In this article I focus on the narratives of girls who describe the events that shape their lives and get them into trouble. The narratives are explored against Darrell Steffensmeier and Emilie Allan’s (1996) proffered Gender Theory, to consider whether it offers an adequate explanatory framework. The article adds to the body of knowledge about girlhood, gender norms, and transgression and provides fresh insight into the relevance of physical strength to girls’ violence. I conclude that girls are defining girlhood as they live it and it is the disjuncture with normative concepts that leads them into conflict with institutions of social control.
Side Stories from Molenbeek, Brussels
More than a year aft er the Brussels district Molenbeek came to international attention as “ISIS’s European capital,” an unplanned encounter during a visit at my former field site leads to a conversation about the struggles and concerns that people are facing in this much-talked-about place. The discussion on a small restaurant terrace wanders off into disappointments and adjustments during research and life and is marked by a shared feeling of uncertainty that mirrors the atmosphere of a city that has seldom been portrayed beyond ephemeral media descriptions.
Impacts of Performing Memory in Northern Ireland
This article addresses the function of public presentations of personal memory in a post-conflict context and explores whether they may contribute to a preservation of that conflict. In particular, it examines the reception of performed memories of violence and its aftermath by audiences who have lived through similar experiences. To do this, it will discuss observations from empirical research on a verbatim theatre production in Northern Ireland, Heroes with Their Hands in the Air, that used interviews with relatives of those killed or wounded in an incident that came to be known as 'Bloody Sunday'. Drawing on the responses to the stories portrayed, it argues that, although such performative re-enactment of memory may contribute to an affirmation of collective identity and thus to preserving boundaries, it allows a community of memory to examine past events of suffering and explore impacts that reach into the present.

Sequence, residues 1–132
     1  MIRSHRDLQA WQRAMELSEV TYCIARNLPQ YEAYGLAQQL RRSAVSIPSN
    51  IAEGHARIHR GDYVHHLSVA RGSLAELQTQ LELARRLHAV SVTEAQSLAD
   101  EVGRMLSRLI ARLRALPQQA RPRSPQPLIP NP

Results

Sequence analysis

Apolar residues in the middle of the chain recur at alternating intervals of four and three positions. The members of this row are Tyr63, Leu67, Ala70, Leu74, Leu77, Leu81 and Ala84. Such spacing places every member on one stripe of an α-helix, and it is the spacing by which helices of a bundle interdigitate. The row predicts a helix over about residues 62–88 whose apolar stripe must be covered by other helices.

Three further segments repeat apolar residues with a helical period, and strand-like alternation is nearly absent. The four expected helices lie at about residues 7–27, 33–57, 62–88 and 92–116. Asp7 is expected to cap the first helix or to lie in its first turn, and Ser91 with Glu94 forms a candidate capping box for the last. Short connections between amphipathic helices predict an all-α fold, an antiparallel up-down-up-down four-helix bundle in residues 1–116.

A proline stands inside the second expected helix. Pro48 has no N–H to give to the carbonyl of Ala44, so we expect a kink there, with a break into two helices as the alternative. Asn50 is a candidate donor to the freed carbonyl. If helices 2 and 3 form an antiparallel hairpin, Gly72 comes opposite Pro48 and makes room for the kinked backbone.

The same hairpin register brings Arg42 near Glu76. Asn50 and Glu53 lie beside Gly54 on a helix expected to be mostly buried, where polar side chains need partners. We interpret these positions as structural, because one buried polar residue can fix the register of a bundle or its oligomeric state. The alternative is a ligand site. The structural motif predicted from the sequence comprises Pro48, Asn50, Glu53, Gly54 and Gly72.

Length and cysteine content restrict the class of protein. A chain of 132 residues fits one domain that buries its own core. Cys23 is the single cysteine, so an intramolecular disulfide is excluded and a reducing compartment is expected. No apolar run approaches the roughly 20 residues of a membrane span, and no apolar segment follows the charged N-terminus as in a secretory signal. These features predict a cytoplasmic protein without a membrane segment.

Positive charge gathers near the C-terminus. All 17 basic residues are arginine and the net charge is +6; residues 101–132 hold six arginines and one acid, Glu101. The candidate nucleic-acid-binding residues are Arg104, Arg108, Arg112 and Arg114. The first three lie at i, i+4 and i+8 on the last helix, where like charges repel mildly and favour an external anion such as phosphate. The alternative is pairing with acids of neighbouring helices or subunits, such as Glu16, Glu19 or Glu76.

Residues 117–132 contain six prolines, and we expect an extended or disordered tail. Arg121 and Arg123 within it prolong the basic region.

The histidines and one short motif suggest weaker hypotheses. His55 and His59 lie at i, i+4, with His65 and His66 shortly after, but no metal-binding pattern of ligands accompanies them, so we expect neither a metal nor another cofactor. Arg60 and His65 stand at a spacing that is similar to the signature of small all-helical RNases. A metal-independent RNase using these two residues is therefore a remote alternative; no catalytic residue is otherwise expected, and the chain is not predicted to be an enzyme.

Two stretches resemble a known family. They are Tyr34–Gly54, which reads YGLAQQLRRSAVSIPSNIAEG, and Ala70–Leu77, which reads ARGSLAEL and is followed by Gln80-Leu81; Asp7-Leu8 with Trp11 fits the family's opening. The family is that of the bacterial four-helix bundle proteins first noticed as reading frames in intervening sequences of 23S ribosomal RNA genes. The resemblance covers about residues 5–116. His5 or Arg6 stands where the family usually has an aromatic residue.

Frederick Luis Aldama
This article at once celebrates and puts at cautionary arm's length the tremendous advances made in the cognitive and neurosciences as research that can deepen our understanding of creating and consuming of literature, films, comic books. After providing an overview of recent insights by scholars with one foot in the humanities and the other in the cognitive and neurosciences, the article reflects on some key precepts that might be useful in our continued shaping of a humanities and cognitive based research program. For instance, the article explores the way authors, film directors, and artists generally not only construct artifacts that elicit positive emotions but also negative emotions. It also proposes a model for understanding how the “aesthetic” is a relation and not a property nor an essence of the object (a film) nor something to be found in the subject (us viewing the film).
The Ethnography of the University Initiative (EUI) joins a long history of critique, challenge and transformation of higher education. EUI courses are an important site for the creation of non-traditional narratives in which students challenge 'business-as-usual' in higher education. For under-represented students, this includes inquiry and analysis of the racial status quo at the University. In this article, I provide a student's perspective on EUI through my own experiences with EUI research as both an undergraduate and later graduate student investigating race and racism at the University of Illinois at Urbana-Champaign (U of I). Using ethnographic methods and drawing on critical race theory, I provide two examples of EUI research that critiqued the University's management of race. The first example is a collaborative ethnography of the Brown versus Board of Education Commemoration at U of I – a project that I joined as an undergraduate (Abelmann et al. 2007); and the second is my own dissertation on 'racial risk management', a project that emerged from my encounter with EUI. I discuss both projects as examples of Critical Race Ethnography, namely works based on empirical research that challenge institutions' racial composition, structure and climate.